Waste Management’s Role in Making a Sustainable Future Possible

There is a lot of things to feel like we have no control over as a population, but fortunately one thing that we can control is the damage we do to the planet. Each person has varying degrees to which they can contribute to sustainability efforts, but those of us that work in waste management have greater responsibility than most in prioritizing sustainability. Cleanaway, Australia’s leading total waste management services company, takes its responsibility seriously, with over 50 years of experience in providing safe and sustainable waste management solutions for communities all across Australia. We believe that sustainable solutions can almost always be found when made a priority.

Our national network of transfer stations, engineered landfills, liquid treatment plants and refineries enable us to collect, process, treat, recycle or safely dispose of any type of waste. Our focus is to make a sustainable future possible and we do this by taking waste generated by Australians and transforming it into valuable commodities. We see all waste as a resource and when dealing with waste, we don’t just ask ourselves “where does it go now?”, we also ask “what can it be used for next?”

Sustainability and waste might seem like paradoxical terms together, however finding sustainable ways to manage waste goes hand in hand and calls for innovative, cutting edge solutions. The West Gate Tunnel Project in Melbourne is one such example that requires ingenuity and an understanding of the city’s infrastructure. The West Gate Tunnel Project is a major road infrastructure project that will deliver a vital alternative to the West Gate bridge, providing a much needed second river crossing for a quicker and safer journey.

Waste management expertise is needed to handle the tunnel spoil produced by construction of the tunnels themselves. Two tunnels will be constructed using tunnel boring machines that will operate for 16- 18 month excavating approximately 1.5 million cubic meters of soil and rock called tunnel spoil. However, tunnelling cannot begin until there is a solution in place for handling the tunnel spoil that The Environmental Protection Authority (EPA) approves. Developing a solution is precarious because initial testing indicates that we can expect to find low levels of PFAS in the tunnel spoil. PFAS (per-and polyfluorinated alkyl substances) are a group of manufactured chemicals used in many industrial and household products. Because there is potential for PFAS in the tunnel spoil, generic landfill designs will not be used and there will be rigorous testing previous to its reuse or disposal.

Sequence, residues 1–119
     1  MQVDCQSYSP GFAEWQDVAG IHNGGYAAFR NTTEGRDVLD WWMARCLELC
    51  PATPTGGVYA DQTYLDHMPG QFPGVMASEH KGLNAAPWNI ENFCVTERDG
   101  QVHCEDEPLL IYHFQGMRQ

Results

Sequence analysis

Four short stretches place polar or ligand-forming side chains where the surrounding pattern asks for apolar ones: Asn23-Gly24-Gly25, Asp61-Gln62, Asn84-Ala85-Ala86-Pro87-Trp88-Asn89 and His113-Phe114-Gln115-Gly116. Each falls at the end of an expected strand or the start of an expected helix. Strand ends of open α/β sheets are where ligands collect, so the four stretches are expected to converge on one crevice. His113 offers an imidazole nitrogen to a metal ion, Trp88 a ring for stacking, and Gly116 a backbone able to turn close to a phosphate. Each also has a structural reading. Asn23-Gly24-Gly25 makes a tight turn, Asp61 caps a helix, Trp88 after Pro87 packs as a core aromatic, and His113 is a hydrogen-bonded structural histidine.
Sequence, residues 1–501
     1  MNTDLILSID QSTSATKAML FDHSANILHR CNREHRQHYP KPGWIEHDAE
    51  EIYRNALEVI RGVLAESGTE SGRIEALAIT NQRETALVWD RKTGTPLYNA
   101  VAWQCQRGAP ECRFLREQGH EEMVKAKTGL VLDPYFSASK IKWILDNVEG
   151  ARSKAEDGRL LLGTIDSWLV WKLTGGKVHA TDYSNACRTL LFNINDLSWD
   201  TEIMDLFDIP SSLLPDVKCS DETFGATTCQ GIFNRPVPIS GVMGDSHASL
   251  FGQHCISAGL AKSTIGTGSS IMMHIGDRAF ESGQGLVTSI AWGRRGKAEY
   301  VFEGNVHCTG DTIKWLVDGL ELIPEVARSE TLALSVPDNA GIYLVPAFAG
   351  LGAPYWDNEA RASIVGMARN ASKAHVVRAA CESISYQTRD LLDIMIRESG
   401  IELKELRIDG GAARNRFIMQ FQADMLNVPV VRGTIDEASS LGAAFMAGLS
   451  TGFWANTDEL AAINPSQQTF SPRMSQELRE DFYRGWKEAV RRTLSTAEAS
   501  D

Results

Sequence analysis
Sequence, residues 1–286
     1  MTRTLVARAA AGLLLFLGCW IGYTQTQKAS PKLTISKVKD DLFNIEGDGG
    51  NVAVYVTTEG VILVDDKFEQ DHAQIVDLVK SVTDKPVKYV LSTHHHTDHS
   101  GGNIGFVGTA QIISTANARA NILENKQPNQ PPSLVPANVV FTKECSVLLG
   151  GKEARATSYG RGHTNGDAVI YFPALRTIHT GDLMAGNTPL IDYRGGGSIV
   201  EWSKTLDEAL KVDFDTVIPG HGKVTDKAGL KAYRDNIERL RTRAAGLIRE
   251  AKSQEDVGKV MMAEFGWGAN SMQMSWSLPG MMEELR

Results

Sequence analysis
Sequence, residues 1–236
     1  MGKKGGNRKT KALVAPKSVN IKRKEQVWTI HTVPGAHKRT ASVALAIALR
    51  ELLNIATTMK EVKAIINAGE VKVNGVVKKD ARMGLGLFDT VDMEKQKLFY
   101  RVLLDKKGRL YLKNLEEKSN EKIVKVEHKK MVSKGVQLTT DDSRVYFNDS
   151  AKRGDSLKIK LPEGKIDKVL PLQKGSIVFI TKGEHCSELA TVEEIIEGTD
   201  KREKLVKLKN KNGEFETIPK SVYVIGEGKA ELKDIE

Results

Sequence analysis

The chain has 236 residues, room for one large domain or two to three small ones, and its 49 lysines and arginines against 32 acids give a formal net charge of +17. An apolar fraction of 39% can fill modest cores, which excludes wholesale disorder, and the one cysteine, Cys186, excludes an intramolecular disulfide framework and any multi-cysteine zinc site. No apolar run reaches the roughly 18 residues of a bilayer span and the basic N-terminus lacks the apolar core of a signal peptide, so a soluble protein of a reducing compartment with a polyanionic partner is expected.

When dealing with 1.5 million cubic meters of soil and rock, there’s no shortage of challenges. Fortunately, sustainability problem solving is a skill that is an essential facet of Cleanaway’s mission of finding potential in any waste. Our plan is to create a Soil Management & Reuse Facility (SMRF) where the spoil can be disposed of and held for testing and classification. The SMRF will be designed with environmental safeguards that entail expertly designed lining to the facility in order to ensure the environment’s and the local community’s safety. There, it will be managed according to its waste classification as either fill material, meaning it can be used without restriction, or prescribed industrial waste. Material classified as prescribed industrial waste will be transported offsite to an EPA licensed facility.

Water that comes in contact with the tunnel spoil also presents a uniquely challenging obstacle since the spoil can only be reused or disposed of after drying out. Because it could contain PFAS, it will be decanted from the holding pens and lined cells and put through an onsite water treatment plant. The water then must meet national standards around PFAS levels. The Department of Health, along with various sources of expertise, determine guidance levels of PFAS in water. It truly takes a village to properly design such a large form of infrastructure but is an incredible example of so many skilled experts in different fields working together with a shared intention of protecting the planet.

Waste management is an industry that arguably has the most impact in its ability to either help or hurt the environment. While waste may not be something most people think twice about, Cleanaway is able to find extraordinary potential in even the largest quantities, like 1.5 million cubic meters of soil and rock. Our hope is to raise the industry standard around sustainability efforts and as a result, lead the global community to align with values that protect our planet.

Connect with Vik Bansal on Twitter and LinkedIn.

Chief Executive Officer and Managing Director of Cleanaway

Get the Medium app

A button that says 'Download on the App Store', and if clicked it will lead you to the iOS App store
A button that says 'Get it on, Google Play', and if clicked it will lead you to the Google Play store